NYU Political Science Professor Patrick Egan has studied 10 years worth of public opinion polling conducted during election campaigns involving same-sex marriage ballot questions, and found that such polls (even those conducted just before election day) consistently overestimate voter support for gay marriage. Comparing pre-election polls with the election results, Professor Egan's study concluded that the level of opposition to gay marriage reported in polls tended to be accurate, but that there was typically a 7 point shortfall between expressed support for equal marriage rights and election day results.
Takeaway: Because pollsters create a bottom line prediction by allocating the "undecided's" in the same proportion as the "decided's," polls have consistently overestimated the number of voters who support marriage equality, by an average of 3 per cent.
Put another way, either a chunk of voters tell pollsters they will support marriage rights but then don't, or essentially all of the undecided's vote against marriage equality. The study's significance lies in the repetition of this finding - across 10 years of rapidly changing public opinion and 28 different states from Maine to Alaska and Hawaii. Most of the polls analyzed involved proposals allowing amendment of the state's constitution to ban same-sex marriage, now adopted by voters in 30 states.
Professor Egan rejects what seems the most obvious explanation for the gap: the "Bradley effect," in which voters hesitate to admit that they intend to vote in a biased way and profess an intention to vote otherwise, but then do not. (The name references former LA Mayor Tom Bradley, who "won" the exit polls in his 1982 CA gubernatorial race but lost the actual election; Bradley, now deceased, was African-American.) Egan found no difference in polls about gay marriage between those conducted by a human interviewer and those conducted by automated systems, thus discounting the Bradley effect as the cause of the differential.
Professor Egan told a press conference hosted by the Haas Jr. Foundation, which funded the study, that it was impossible to know without further investigation why the discrepancy occurred. He suggested that it might be because opinion polls during campaigns screen for "likely voters," and that those screens might operate in a way to filter out more voters opposing same-sex marriage than voters supporting it. Or, it might be that for this issue, voters who say they are undecided almost all vote the same way in the end: to enact bans on gay marriage. The latter explanation would be odd, he said, because if true, data show that the phenomenon that "undecided = opposition to marriage equality" does not fluctuate throughout the course of the campaign.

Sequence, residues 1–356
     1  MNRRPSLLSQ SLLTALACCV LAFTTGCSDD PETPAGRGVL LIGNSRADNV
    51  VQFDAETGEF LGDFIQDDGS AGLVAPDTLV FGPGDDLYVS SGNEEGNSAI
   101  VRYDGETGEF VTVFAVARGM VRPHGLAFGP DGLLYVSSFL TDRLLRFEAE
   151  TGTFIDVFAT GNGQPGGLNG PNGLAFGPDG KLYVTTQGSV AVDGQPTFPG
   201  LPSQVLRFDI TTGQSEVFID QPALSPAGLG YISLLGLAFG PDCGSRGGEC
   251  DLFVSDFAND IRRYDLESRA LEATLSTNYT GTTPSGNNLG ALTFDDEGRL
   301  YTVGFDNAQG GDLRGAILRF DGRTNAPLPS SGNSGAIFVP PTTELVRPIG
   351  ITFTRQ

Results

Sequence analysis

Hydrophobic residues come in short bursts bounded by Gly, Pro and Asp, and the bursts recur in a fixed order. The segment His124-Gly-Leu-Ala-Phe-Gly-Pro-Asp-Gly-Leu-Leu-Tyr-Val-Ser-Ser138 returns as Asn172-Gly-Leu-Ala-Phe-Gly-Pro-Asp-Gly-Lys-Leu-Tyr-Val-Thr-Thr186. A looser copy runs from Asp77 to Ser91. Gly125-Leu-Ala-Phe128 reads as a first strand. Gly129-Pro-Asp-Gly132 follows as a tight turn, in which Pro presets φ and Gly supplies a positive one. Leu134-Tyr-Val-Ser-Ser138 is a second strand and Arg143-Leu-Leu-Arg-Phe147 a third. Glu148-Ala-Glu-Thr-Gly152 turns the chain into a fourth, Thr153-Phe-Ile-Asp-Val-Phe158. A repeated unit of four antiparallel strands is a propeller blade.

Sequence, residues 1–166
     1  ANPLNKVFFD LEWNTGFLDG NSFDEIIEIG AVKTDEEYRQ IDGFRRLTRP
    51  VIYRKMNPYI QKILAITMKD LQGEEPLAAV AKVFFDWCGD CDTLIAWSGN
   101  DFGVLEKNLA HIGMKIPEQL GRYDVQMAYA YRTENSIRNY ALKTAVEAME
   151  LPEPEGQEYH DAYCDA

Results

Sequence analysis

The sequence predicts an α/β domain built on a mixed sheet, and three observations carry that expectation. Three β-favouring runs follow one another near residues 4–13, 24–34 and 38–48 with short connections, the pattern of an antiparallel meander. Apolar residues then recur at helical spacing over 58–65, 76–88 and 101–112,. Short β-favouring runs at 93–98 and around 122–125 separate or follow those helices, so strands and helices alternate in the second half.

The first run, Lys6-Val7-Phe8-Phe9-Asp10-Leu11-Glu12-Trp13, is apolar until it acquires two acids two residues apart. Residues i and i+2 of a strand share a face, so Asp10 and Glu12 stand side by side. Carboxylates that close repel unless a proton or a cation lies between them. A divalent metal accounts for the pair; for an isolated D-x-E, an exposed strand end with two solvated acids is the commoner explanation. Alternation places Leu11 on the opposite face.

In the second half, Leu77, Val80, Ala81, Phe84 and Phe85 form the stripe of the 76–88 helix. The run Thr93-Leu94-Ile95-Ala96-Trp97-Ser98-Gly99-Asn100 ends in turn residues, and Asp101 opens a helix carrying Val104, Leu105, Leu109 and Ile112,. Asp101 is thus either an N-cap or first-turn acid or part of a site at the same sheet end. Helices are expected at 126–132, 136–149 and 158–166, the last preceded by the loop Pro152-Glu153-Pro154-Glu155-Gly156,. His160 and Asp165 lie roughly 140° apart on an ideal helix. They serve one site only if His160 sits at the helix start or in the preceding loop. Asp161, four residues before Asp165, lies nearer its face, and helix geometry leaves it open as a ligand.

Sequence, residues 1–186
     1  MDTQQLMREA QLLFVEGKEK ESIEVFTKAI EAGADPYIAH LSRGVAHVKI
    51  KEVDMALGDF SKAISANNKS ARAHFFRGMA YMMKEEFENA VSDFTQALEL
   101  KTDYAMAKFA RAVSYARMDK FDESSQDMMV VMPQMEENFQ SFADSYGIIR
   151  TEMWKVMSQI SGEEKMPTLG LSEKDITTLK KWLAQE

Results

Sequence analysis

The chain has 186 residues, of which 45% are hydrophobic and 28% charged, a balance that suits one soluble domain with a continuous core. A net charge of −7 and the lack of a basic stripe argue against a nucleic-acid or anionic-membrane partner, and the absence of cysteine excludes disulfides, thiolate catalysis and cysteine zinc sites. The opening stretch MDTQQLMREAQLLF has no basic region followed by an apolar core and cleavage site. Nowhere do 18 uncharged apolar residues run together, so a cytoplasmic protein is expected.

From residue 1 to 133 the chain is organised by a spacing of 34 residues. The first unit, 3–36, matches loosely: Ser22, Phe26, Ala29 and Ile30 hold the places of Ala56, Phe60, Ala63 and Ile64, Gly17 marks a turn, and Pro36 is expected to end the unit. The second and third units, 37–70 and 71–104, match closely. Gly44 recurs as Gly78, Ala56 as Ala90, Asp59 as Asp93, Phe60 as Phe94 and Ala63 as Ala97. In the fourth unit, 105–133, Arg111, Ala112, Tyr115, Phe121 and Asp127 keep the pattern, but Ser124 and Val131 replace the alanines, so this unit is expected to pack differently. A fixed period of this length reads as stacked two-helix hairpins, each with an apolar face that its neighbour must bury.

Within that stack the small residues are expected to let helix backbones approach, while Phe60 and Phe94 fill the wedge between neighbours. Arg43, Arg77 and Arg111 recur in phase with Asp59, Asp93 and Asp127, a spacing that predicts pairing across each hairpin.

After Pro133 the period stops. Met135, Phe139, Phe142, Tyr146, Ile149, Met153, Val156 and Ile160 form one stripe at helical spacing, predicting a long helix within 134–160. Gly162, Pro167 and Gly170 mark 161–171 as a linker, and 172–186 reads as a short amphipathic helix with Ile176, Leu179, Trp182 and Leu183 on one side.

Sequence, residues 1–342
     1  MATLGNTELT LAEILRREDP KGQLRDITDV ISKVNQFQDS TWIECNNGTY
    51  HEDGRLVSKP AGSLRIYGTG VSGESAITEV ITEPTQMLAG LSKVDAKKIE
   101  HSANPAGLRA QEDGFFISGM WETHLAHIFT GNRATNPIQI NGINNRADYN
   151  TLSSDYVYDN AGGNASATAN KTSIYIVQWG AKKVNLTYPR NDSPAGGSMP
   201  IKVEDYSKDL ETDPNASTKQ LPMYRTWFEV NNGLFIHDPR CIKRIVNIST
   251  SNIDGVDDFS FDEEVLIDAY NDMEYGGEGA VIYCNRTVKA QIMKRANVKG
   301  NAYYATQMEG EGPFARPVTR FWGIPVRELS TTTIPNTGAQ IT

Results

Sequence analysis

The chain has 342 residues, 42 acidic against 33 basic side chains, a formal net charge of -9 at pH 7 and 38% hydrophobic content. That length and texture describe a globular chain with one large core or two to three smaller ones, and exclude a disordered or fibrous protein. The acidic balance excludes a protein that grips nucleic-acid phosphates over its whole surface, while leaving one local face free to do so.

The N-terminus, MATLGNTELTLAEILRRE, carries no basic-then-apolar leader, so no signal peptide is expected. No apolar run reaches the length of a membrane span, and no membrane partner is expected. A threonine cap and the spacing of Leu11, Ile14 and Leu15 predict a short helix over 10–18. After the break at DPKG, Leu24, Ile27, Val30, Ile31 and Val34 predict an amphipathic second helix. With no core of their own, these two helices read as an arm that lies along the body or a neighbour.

Another finding drawing much attention was that neither side's advertising appears to have a significant effect on voting patterns. Professor Egan pointed out that this finding does not indicate what would have happened in the various campaigns had one side done no advertising. However, it does cast big doubt on the arguments among lgbt advocates about which kinds of ads (showing gay families, not showing gay families, etc.) have greater impact during a campaign. Apparently, neither the content nor even the ad campaigns as a whole, for either side, ended up producing any significant effect on changing voter attitudes.
Equality California ED Geoff Kors summed up the lesson for future elections, specifically in the context of repealing Prop 8: "Before we go back to the voters, we need to see solid majority support. Having 49% or 50% support is not enough."
Professor Egan's database included 167 surveys conducted in reference to 32 ballot measures - 30 involving marriage and two related to domestic partnership laws. The database included the No on 8 campaign's internal polls from the 2008 election.
For the first time in many years, there will be no ballot initiatives regarding same-sex marriage or domestic partnership in this year's election.